John Campbell

Africa in Transition

Campbell tracks political and security developments across sub-Saharan Africa.

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Showing posts for "Politics"

Nigeria’s Elections in 2011 and 2015

by John Campbell
A campaign banner in support of President Goodluck Jonathan (R) is hung next to a banner in support of Presidential candidate of opposition party All Progressives Congress (APC) Muhammadu Buhari and his running mate Yemi Osinbajo, on a street light in Ikoyi district in Lagos, January 21, 2015. (Akintunde Akinleye/Courtesy Reuters) A campaign banner in support of President Goodluck Jonathan (R) is hung next to a banner in support of Presidential candidate of opposition party All Progressives Congress (APC) Muhammadu Buhari and his running mate Yemi Osinbajo, on a street light in Ikoyi district in Lagos, January 21, 2015. (Akintunde Akinleye/Courtesy Reuters)

Nigerian anxiety is high about the approaching February 14 national elections. The country’s political class is fragmented, oil prices are falling, Nigeria’s currency has been devalued, and the Lagos stock exchange is in the doldrums. The insurgency called Boko Haram appears to be gaining strength. Read more »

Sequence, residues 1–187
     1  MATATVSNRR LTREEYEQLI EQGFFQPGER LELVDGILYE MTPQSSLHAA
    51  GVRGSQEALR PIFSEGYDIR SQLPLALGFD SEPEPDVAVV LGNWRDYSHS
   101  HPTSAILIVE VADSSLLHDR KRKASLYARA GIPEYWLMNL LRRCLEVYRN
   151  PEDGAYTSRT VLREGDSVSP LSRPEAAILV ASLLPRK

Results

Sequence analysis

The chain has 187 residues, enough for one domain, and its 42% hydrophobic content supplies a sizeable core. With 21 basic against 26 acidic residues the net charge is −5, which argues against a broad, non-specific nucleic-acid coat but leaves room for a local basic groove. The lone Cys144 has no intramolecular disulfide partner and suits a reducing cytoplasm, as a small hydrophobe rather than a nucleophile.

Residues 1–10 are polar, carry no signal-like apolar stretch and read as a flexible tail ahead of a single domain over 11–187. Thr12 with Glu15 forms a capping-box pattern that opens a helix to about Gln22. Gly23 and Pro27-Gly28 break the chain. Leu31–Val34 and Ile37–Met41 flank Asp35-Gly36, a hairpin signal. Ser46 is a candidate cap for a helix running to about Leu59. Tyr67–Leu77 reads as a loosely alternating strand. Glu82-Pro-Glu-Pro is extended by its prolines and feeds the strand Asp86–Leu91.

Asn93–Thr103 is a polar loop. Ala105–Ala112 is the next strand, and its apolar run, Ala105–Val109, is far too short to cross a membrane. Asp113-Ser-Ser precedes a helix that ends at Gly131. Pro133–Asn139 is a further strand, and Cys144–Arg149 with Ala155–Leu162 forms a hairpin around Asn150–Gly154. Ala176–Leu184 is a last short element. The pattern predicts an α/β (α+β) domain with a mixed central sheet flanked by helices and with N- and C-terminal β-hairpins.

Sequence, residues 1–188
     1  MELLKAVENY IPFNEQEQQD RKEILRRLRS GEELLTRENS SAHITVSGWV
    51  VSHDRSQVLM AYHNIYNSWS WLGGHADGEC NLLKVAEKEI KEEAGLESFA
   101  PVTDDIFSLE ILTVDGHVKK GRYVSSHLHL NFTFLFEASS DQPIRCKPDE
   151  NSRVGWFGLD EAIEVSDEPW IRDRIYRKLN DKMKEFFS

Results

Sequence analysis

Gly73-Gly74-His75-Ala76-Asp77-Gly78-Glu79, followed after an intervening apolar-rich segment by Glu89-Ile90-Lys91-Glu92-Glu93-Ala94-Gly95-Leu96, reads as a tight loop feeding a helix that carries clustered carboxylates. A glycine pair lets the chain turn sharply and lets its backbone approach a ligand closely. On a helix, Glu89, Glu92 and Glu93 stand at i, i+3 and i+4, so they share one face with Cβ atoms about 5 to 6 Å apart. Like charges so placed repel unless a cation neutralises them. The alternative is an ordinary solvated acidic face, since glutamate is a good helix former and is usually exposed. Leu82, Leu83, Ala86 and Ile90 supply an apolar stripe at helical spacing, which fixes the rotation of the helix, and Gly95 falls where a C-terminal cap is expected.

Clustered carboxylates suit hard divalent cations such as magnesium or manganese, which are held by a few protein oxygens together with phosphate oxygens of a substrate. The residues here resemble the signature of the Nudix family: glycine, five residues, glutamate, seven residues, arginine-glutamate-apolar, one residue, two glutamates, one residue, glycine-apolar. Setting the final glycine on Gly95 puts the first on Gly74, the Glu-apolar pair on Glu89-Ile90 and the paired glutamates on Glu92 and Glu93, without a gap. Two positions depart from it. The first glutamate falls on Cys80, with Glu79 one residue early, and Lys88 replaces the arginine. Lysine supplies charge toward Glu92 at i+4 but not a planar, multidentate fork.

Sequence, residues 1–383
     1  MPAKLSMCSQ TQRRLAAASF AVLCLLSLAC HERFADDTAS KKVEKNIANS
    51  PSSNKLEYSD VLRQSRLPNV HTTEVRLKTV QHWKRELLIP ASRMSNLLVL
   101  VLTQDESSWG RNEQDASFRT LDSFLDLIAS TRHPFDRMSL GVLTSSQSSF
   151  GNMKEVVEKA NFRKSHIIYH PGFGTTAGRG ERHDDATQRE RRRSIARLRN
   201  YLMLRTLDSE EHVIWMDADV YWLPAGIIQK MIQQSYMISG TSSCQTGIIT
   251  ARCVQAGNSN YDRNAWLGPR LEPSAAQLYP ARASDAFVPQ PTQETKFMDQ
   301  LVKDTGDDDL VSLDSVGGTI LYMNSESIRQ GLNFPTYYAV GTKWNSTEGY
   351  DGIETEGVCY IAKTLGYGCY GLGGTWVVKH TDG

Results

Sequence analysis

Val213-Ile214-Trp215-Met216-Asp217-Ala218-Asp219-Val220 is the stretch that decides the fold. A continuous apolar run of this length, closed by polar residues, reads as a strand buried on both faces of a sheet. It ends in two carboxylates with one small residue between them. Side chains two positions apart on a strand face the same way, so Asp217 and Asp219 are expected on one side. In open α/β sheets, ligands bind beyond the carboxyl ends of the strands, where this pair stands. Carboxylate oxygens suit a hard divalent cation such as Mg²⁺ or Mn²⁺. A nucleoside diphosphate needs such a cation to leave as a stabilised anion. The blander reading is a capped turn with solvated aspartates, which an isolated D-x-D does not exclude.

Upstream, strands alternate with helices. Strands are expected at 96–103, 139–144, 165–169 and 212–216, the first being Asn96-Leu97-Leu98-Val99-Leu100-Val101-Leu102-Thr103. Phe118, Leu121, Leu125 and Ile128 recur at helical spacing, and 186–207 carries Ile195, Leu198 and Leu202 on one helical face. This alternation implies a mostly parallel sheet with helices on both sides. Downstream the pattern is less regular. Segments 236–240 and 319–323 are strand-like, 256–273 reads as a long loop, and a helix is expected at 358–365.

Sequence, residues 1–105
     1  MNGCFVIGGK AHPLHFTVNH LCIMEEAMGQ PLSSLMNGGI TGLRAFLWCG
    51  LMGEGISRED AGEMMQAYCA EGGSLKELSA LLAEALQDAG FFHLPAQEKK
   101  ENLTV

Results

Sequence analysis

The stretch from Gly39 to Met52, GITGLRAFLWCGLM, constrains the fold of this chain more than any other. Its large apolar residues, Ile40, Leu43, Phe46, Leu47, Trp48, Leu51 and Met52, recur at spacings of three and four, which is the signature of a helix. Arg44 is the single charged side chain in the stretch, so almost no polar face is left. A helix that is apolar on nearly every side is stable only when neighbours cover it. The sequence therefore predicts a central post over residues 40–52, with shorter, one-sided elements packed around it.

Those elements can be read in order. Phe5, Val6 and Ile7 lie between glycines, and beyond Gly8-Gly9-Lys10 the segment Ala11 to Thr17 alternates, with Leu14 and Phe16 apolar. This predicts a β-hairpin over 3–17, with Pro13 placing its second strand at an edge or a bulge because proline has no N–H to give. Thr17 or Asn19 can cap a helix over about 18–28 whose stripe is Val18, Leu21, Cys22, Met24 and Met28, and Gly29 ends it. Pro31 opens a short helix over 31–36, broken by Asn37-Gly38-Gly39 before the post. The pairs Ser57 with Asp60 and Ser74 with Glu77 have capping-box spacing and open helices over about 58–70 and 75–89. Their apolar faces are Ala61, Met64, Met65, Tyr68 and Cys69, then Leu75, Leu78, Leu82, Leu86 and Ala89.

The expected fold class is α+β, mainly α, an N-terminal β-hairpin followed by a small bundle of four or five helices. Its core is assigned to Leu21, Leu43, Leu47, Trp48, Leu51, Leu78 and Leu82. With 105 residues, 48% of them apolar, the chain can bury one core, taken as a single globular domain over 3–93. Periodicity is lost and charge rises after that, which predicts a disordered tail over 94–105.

Technical Challenges to Free, Fair, and Credible Elections in Nigeria

by John Campbell
A banner advertising awareness for voter's registration is hung at the back of a bus along a road in Lagos January 7, 2015. (Akintunde Akinleye/Courtesy Reuters) A banner advertising awareness for voter's registration is hung at the back of a bus along a road in Lagos January 7, 2015. (Akintunde Akinleye/Courtesy Reuters)

The People’s Democratic Party (PDP) has dominated every single Nigerian presidential election since 1999. Using sophisticated forms of electoral rigging and relying on a relatively unified political class built on patronage, a PDP incumbent or his anointed successor has secured electoral victory at every turn. Such a scenario would all but ensure the re-election of Goodluck Jonathan in the February 14, 2015 elections. Read more »

1,155 Rhinos Poached in South Africa

by Guest Blogger for John Campbell
A White Rhino and her calf walk in the dusk light in Pilanesberg National Park in South Africa's North West Province, April 19, 2012. (Mike Hutchings/Courtesy Reuters) A White Rhino and her calf walk in the dusk light in Pilanesberg National Park in South Africa's North West Province, April 19, 2012. (Mike Hutchings/Courtesy Reuters)